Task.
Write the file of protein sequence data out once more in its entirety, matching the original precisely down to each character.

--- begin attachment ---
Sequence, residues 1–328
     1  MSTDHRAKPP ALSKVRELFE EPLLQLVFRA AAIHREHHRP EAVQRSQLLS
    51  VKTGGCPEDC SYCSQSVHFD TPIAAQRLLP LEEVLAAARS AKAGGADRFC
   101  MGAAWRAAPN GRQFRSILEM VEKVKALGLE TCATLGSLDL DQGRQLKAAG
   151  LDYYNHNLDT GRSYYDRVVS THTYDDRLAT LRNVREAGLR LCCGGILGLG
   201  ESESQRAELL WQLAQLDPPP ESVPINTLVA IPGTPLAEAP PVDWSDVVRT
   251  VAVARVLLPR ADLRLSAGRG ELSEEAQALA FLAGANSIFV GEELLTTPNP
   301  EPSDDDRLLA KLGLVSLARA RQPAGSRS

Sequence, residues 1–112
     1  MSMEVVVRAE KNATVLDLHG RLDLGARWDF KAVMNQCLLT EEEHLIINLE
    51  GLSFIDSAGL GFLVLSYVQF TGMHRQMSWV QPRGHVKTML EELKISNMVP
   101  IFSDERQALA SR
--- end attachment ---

Sequence, residues 1–328
     1  MSTDHRAKPP ALSKVRELFE EPLLQLVFRA AAIHREHHRP EAVQRSQLLS
    51  VKTGGCPEDC SYCSQSVHFD TPIAAQRLLP LEEVLAAARS AKAGGADRFC
   101  MGAAWRAAPN GRQFRSILEM VEKVKALGLE TCATLGSLDL DQGRQLKAAG
   151  LDYYNHNLDT GRSYYDRVVS THTYDDRLAT LRNVREAGLR LCCGGILGLG
   201  ESESQRAELL WQLAQLDPPP ESVPINTLVA IPGTPLAEAP PVDWSDVVRT
   251  VAVARVLLPR ADLRLSAGRG ELSEEAQALA FLAGANSIFV GEELLTTPNP
   301  EPSDDDRLLA KLGLVSLARA RQPAGSRS

Sequence, residues 1–112
     1  MSMEVVVRAE KNATVLDLHG RLDLGARWDF KAVMNQCLLT EEEHLIINLE
    51  GLSFIDSAGL GFLVLSYVQF TGMHRQMSWV QPRGHVKTML EELKISNMVP
   101  IFSDERQALA SR